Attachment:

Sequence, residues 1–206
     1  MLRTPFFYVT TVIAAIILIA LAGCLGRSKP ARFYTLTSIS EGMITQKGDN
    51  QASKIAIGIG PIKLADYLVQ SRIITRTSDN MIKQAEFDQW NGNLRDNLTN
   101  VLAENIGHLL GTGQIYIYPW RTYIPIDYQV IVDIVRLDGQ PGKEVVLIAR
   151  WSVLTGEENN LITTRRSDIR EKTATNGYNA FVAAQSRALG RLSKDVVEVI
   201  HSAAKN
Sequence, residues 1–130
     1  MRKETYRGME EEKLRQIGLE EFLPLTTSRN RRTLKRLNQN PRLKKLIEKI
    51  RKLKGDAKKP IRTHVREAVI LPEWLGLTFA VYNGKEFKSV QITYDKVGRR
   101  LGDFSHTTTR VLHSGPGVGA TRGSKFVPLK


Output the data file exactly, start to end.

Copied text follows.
Sequence, residues 1–206
     1  MLRTPFFYVT TVIAAIILIA LAGCLGRSKP ARFYTLTSIS EGMITQKGDN
    51  QASKIAIGIG PIKLADYLVQ SRIITRTSDN MIKQAEFDQW NGNLRDNLTN
   101  VLAENIGHLL GTGQIYIYPW RTYIPIDYQV IVDIVRLDGQ PGKEVVLIAR
   151  WSVLTGEENN LITTRRSDIR EKTATNGYNA FVAAQSRALG RLSKDVVEVI
   201  HSAAKN
Sequence, residues 1–130
     1  MRKETYRGME EEKLRQIGLE EFLPLTTSRN RRTLKRLNQN PRLKKLIEKI
    51  RKLKGDAKKP IRTHVREAVI LPEWLGLTFA VYNGKEFKSV QITYDKVGRR
   101  LGDFSHTTTR VLHSGPGVGA TRGSKFVPLK